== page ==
United States of America v. Lawrence Lester, Appellant, 385 F.2d 62 (3d Cir. 1967)Annotate this Case
Decided October 18, 1967
Jay Meyers, Philadelphia, Pa., for appellant.
Joseph R. Ritchie, Jr., Asst. U. S. Atty., Philadelphia, Pa., Drew J. T. O'Keefe, U. S. Atty., Philadelphia, Pa., for appellee.
Before BIGGS and KALODNER, Circuit Judges, and VAN DUSEN, District Judge.
OPINION OF THE COURT
The defendant, Lester, was convicted of perjury. 18 U.S.C. § 1621. The testimony found to have been perjured occurred at a habeas corpus hearing in the United States District Court for the Eastern District of Pennsylvania. The basis for seeking the writ was Lester's assertion that a guilty plea on his behalf had been entered against his will at a state court prosecution, the nature of which need not be described. In support of his contention Lester testified under oath at the habeas corpus proceeding as follows:
"Q. When the Judge concluded that remark1 or remarks to you [Lester], what, if anything, did you say to either the Judge or to your attorney?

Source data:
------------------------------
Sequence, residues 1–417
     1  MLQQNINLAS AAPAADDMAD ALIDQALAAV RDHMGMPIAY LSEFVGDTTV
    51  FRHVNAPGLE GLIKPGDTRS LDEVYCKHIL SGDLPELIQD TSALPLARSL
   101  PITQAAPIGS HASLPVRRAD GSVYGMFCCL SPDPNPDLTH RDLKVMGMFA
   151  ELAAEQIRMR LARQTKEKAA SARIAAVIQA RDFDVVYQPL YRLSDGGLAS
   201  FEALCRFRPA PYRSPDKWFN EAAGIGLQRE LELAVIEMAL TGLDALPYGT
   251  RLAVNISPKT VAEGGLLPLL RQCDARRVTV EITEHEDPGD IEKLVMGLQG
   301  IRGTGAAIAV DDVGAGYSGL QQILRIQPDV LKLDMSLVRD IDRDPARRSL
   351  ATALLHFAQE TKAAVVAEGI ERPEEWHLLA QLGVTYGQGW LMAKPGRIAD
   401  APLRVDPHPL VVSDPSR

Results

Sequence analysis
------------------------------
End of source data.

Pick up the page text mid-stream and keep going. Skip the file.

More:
"A. I told the defense attorney that I didn't plead guilty.
"Q. Were you still at the Bar of the Court when this happened?
"Q. And what, if anything, was said to you by defense counsel?
"A. Counsel stated the same thing he said when I walked into court; for me to keep quiet and he knew what he was doing.
"Q. Did you at that time complain to Judge Hagan that you had not in fact pled guilty?
"A. I complained loudly, but complained directly to him, [sic] no, I didn't. I complained loudly to counsel and those who were in the courtroom could hear me."
The United States proved to the jury's satisfaction in the court below that Lester made the statements quoted knowing that he did not make any complaint at his trial.
We find no vital error in the indictment, that the evidence was sufficient to support the verdict, and that there was no substantial error in the trial court's charge. After careful consideration of the record we find Lester's contentions to be without merit. The judgment of the court below will be affirmed.
The remark referred to follows: "I am sentencing first Lawrence Lester. Of course, Mr. Lester, you have quite a record of crime which I must take into consideration in the sentence. However, I am taking into consideration your plea of guilty in making the sentence much less than it would otherwise would have been. I want you to thoroughly understand that. Your sentence would have been much greater had you not pleaded guilty."